Parking in the Bike Lane in South Florida is a relatively new problem – we haven’t had many bike lanes for a long time. It’s not the biggest problem people riding bicycles face, but it can be very dangerous and is against the law.
So, what do you do if someone parks in your bike lane? Call the police and let them know! Sometimes, you don’t have to call them because they are right there, right next to his car!
“I’m about to move it.”
“Oh, okay, thanks.”
But then, he’s CAUGHT! by a fellow officer…
You can tell by the cars that these are high-level police officers. The kind that oversee other officers and tell them what is acceptable behavior. I came by in about 15 minutes to see if they had moved their cars and I found this:
I wonder if these were the same mounted officers whose horses left their mark all over the sidewalk by the ArtMiami Show… Anyway, this was on NW 22 St and 1st Avenue – right by the sweet new SOFLO piece below.
The South Florida Bike Coalition is concerned by what seems to be a growing trend, across rank and department, city and county, of police officers to isolate, intimidate and criminalize people who bicycle. Just days prior to this, another local advocate was ticketed by the City of Miami Police for… wait for it… riding in the street. I am confident that we will get that ticket dismissed – but how many other people are ticketed for bicycling safely who we don’t know and thus can’t help?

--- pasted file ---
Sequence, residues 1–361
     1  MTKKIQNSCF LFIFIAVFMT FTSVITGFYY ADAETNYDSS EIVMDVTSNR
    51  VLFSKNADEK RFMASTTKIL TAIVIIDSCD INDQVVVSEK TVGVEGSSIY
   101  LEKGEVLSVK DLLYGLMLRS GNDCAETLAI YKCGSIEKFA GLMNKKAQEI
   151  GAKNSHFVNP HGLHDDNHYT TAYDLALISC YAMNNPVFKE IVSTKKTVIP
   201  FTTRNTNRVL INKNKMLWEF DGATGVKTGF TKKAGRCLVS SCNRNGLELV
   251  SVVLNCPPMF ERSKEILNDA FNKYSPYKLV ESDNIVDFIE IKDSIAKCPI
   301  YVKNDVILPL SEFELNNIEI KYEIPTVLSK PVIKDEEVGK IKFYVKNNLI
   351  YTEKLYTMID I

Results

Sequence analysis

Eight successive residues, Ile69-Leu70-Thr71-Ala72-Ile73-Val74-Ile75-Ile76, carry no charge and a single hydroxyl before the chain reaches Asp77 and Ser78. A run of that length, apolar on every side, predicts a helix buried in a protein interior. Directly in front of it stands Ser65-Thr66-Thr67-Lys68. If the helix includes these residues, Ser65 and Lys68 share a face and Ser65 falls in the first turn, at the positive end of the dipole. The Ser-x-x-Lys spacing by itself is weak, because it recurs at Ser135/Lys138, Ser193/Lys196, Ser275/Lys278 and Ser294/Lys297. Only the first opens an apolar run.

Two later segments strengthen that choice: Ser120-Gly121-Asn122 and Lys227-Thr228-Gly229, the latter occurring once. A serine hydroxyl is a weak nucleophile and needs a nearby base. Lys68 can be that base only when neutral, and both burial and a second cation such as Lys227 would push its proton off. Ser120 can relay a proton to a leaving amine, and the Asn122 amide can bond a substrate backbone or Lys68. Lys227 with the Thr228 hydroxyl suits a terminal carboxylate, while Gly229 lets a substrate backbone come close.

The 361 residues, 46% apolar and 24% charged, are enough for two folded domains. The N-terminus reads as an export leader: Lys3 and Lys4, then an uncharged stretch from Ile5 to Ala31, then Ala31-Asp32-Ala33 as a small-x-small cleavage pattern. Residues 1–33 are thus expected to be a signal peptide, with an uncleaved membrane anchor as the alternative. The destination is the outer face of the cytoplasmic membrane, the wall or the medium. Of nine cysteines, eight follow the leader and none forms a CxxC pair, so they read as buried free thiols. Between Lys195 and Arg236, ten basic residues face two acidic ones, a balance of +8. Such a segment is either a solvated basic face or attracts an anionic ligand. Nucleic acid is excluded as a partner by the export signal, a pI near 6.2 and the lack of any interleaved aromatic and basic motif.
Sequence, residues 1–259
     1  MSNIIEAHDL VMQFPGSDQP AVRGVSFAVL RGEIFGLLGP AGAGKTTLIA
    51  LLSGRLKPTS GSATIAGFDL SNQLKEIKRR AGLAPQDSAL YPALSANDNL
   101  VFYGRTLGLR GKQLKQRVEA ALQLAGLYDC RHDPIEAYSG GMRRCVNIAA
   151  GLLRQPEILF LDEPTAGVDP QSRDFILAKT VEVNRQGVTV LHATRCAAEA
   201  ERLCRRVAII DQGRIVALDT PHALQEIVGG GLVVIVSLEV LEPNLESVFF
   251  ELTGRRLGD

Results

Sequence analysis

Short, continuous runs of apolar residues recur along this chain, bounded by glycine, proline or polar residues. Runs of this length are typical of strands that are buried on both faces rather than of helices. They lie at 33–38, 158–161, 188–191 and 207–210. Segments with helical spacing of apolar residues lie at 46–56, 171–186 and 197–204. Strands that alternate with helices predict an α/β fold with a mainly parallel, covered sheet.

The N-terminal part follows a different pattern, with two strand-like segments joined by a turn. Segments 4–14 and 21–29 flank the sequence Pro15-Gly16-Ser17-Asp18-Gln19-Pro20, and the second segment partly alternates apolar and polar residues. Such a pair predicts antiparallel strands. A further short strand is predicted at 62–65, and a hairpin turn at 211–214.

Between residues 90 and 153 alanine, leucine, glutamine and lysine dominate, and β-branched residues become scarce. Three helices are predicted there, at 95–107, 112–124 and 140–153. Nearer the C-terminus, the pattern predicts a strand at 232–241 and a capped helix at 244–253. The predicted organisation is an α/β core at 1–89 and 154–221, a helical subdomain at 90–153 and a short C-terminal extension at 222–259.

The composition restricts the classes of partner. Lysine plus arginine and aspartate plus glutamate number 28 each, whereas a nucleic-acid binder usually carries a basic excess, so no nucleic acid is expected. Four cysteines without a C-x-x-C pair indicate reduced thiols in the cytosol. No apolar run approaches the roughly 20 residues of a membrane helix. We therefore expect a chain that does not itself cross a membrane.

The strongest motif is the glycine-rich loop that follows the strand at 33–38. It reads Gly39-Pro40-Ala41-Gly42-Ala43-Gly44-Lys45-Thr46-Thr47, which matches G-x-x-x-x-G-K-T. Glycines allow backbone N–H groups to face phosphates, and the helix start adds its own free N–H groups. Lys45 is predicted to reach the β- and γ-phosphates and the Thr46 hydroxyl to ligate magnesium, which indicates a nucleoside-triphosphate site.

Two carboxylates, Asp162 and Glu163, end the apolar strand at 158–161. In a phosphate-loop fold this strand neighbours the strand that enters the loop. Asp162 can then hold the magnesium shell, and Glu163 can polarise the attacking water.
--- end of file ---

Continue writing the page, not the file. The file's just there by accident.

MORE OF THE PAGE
We got the plates of the officers above and are trying to figure out how these officers explain their behavior to their own superiors. We’ll let you know. Until then, we leave you with the reason we were hanging out on NW 22nd to begin with, checking out the message on our friends’ art wall:
UPDATE: Collin Worth, Bicycle Coordinator for the City of Miami, was the first to respond to our complaint. He noted tactfully that “the bicycle lane is a travel lane and it is a violation of the State Uniform Traffic Control 316.1945 – Stopping, standing, or parking prohibited in specified places. Bike lanes and cycling are a relatively new and rapidly expanding phenomena in Miami, there will be a learning curve for both the public and our police. I have spoken to Commander David Sanchez about bicycle issues and he offered to have myself or someone else speak to officers during a roll call in the near future.“
This is a positive response in a short period of time. We are eager to work with Mr. Worth and the Police on any necessary curricula related to these issues – though there are many, many officers within the department well versed on the subject already. We are meeting with Miami-Dade County Commissioner Gimenez
‘s staff directly to discuss a similar protocol for Miami-Dade Police officers.